Ratings agency Moody's decision to review France's triple-A credit rating cast new doubt on Tuesday on Europe's hopes of drawing a line under its sovereign debt crisis, five days before a crucial EU summit.
Moody's said late on Monday it may slap a negative outlook on France's AAA rating in the next three months if the costs for helping bail out banks and other eurozone members stretch its budget too much.
The warning, which sent the risk premium on French government bonds shooting up to a euro lifetime high, came as European Union leaders are preparing measures to protect the region's financial system from a potential Greek debt default.
The plan includes a new rescue plan reducing Greece's debt, strengthening the capital of banks with exposure to troubled eurozone sovereigns and leveraging the eurozone's rescue fund to prevent market contagion to bigger economies.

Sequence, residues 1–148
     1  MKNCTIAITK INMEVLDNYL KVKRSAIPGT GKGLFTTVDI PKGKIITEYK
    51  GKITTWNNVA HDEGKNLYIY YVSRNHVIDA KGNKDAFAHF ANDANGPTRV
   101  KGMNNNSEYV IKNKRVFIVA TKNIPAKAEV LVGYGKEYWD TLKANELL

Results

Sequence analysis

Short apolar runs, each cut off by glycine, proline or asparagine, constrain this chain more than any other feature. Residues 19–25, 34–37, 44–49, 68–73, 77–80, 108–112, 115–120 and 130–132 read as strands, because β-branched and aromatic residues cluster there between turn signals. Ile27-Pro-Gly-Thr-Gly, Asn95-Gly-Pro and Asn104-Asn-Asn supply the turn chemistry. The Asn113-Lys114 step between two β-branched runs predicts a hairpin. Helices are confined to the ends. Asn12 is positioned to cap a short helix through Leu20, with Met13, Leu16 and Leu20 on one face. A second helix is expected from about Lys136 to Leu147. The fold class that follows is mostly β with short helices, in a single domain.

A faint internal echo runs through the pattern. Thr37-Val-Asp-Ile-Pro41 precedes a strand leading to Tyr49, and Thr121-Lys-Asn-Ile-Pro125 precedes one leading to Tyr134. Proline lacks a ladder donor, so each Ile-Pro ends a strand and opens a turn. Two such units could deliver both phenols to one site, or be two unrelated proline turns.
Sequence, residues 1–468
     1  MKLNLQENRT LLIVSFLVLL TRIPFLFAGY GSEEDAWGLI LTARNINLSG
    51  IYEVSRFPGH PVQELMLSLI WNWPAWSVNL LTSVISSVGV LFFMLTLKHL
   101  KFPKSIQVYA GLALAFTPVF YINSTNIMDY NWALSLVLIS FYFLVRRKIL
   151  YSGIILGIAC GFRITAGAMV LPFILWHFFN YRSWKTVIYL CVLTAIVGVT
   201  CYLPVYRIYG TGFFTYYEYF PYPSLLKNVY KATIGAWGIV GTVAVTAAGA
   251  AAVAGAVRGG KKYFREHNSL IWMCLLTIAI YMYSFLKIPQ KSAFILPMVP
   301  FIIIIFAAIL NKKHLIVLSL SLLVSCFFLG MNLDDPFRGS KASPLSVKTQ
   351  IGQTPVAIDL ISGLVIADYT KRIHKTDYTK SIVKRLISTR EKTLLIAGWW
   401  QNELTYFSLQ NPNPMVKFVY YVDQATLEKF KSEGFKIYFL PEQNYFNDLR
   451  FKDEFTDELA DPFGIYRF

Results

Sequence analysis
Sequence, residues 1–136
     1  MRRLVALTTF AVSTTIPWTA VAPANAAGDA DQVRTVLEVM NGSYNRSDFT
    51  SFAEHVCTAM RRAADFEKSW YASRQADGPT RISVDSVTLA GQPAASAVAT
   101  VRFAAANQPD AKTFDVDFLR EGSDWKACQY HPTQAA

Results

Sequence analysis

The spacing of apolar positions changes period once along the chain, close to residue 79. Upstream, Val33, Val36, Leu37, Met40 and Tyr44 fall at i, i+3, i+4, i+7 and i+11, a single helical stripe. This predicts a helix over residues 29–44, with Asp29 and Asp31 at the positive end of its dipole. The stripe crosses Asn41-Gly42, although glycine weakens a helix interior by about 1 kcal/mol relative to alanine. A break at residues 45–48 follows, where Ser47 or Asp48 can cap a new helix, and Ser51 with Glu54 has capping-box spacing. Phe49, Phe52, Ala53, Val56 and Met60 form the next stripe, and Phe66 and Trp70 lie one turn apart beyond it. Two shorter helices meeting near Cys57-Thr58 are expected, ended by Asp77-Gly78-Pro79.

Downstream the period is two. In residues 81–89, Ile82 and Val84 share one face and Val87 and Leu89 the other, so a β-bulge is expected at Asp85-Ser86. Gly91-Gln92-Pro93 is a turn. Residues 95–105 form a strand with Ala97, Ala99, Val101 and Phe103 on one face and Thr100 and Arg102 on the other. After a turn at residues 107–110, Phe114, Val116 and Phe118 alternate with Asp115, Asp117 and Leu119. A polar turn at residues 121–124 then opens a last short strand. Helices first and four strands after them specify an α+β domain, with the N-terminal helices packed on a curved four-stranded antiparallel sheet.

German leaders on Monday doused market hopes of a miracle cure at Sunday's Brussels summit, saying no one should expect a "definitive solution".
Finance minister Francois Baroin said France's AAA status was not at risk but acknowledged that the 1.8% growth forecast was over-optimistic and would have to be revised down. "We will do everything to avoid being downgraded."
France and Germany form the backbone of the €440-billion EFSF rescue fund. Without France's triple-A rating, the whole edifice of rescue measures for eurozone states would begin to crumble, putting more weight on Germany.